Thinking About Writing

in #dreemerlast year

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Back around December 3rd I wrote a post talking about not having written a post in the previous two weeks. In fact, there had been several months of intermittent posting any where from me.

I’d go days or even weeks without opening Scrivener and writing a post. Scrivener is the software I prepare all my posts in and then transfer them to wherever I plan on posting. I like being able find my articles without searching through the platforms I write on.

But, I digress.

Going For the HiveBuzz

Some where around the same time I noticed a post from @drabs587. He’d fairly recently started writing on Hive after several months of playing Splinterlands.

He discovered he was having fun writing as well as playing. The gamer in him took notice of the @hivebuzz badges. He wrote about his determination to earn as many as he could.

His post got me thinking. In all the time I’ve been on the chain, I’ve never earned the Monthly Author badge and had only earned the Weekly Author badge about 3 times.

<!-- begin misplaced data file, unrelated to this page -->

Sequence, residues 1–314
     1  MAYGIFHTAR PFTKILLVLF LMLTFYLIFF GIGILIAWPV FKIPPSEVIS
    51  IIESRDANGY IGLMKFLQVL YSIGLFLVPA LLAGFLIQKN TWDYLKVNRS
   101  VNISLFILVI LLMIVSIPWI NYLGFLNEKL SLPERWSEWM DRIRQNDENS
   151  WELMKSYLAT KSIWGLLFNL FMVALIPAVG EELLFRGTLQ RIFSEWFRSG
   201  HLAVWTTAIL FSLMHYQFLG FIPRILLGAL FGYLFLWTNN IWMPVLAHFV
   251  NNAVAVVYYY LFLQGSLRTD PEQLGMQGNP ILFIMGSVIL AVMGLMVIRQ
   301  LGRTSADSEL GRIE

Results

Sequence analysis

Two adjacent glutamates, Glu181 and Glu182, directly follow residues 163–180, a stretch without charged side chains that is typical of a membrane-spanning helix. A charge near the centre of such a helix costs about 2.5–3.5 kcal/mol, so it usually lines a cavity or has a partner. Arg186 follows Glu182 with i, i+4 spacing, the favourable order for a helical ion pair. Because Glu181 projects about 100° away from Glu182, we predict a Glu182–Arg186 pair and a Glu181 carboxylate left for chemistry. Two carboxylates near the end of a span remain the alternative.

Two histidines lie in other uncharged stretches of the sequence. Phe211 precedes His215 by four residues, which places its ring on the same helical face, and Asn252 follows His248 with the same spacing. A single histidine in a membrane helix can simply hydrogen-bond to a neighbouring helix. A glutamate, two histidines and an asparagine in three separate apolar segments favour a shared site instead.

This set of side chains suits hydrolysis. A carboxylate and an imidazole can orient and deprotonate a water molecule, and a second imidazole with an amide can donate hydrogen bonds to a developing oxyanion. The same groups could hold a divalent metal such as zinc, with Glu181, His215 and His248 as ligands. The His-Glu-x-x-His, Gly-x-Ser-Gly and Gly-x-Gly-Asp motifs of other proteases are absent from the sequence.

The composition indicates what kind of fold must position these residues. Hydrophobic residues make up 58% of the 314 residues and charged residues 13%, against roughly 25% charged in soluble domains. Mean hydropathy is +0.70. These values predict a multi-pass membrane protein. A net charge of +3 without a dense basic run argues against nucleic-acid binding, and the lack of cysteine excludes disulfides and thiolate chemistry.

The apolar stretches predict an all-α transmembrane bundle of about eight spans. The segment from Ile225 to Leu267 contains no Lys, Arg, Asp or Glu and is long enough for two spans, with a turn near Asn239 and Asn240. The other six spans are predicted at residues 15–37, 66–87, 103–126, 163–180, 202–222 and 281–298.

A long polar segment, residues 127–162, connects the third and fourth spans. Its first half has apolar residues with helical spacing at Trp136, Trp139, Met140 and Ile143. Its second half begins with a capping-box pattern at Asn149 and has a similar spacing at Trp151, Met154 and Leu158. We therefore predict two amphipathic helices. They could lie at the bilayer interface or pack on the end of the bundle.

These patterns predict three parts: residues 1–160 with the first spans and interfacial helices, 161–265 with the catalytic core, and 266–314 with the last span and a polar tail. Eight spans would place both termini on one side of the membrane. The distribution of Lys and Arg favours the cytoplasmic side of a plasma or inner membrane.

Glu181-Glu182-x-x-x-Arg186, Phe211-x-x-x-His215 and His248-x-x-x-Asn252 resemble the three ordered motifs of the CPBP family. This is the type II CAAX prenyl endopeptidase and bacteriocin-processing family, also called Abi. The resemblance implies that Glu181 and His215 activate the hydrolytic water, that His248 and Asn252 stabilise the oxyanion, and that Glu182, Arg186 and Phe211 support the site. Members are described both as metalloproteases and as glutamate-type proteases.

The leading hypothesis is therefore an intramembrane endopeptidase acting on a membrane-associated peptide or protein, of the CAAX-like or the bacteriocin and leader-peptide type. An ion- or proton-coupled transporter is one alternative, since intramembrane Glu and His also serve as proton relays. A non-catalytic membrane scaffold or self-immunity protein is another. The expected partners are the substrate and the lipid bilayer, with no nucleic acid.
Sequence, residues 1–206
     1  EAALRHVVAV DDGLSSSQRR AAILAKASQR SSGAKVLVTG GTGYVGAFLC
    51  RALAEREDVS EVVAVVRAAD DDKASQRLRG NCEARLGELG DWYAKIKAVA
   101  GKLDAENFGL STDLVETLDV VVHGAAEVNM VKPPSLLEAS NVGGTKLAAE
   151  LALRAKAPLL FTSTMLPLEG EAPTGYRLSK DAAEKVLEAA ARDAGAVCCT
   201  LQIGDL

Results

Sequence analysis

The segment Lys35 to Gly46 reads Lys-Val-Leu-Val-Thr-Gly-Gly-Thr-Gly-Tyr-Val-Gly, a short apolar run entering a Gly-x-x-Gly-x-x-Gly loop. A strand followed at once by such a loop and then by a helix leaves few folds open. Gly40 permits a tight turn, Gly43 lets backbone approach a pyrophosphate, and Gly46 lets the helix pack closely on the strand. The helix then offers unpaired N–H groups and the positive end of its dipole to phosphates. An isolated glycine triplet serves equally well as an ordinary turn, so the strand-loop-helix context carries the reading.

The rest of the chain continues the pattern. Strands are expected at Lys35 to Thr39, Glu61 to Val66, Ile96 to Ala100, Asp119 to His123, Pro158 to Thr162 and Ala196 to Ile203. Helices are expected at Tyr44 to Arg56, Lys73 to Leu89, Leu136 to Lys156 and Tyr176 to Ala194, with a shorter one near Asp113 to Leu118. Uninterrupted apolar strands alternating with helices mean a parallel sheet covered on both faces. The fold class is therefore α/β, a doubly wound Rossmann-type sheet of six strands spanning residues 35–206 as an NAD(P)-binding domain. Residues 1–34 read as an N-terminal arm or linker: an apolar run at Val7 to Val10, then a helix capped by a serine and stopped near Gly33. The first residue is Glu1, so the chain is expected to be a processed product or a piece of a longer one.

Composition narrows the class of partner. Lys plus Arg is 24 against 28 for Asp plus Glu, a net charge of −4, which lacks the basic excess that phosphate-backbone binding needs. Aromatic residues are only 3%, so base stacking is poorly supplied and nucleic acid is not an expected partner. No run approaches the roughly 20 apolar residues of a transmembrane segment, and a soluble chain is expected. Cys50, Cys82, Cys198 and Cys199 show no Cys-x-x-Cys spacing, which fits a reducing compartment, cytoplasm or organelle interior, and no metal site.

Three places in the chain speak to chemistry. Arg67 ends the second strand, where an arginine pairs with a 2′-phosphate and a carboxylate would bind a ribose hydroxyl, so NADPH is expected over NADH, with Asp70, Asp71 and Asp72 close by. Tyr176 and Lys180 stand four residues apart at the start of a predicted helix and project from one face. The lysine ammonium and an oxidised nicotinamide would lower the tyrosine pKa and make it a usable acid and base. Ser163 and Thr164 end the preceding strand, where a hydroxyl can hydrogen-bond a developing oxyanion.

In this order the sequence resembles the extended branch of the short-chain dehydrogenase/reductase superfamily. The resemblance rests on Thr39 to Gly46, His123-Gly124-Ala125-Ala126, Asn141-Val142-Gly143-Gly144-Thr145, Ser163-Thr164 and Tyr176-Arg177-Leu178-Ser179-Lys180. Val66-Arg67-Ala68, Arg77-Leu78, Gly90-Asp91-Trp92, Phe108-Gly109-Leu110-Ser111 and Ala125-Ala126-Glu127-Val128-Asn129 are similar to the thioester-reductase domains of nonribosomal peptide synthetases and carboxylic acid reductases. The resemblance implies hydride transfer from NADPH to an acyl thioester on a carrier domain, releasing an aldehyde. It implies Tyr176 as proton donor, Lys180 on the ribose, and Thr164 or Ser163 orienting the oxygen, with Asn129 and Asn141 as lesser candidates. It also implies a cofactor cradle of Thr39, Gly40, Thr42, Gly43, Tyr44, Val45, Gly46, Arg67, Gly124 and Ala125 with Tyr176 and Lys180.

I decided I was going to give writing every day a try. I wouldn’t be able to do the Author badge in December as I’d already missed a couple of days.

I could certainly start adding to the Weekly Author badges and then shoot for all of January to get the Monthly Author badge. Here we are, three days away from the end of January and I’m on track to get that monthly badge. Three posts and I’m there.

Getting Past the Imposter Syndrome

Coming up with posts every day is not always easy. I often post on topics that takes some reading and note-taking before I compose the post. I enjoy the learning and there are several topics I want to learn more on.

One of the challenges I had to get past was the idea that I needed to know a lot before I could write something on a topic. Some of that imposter syndrome I talked about yesterday trying to stick it’s nose in.

I sometimes have to remind myself, I don’t have to an expert to write on a topic. I just need to know more about a topic than at least one other person.

I do work on having enough knowledge on a topic to form some opinion or perspective on a topic.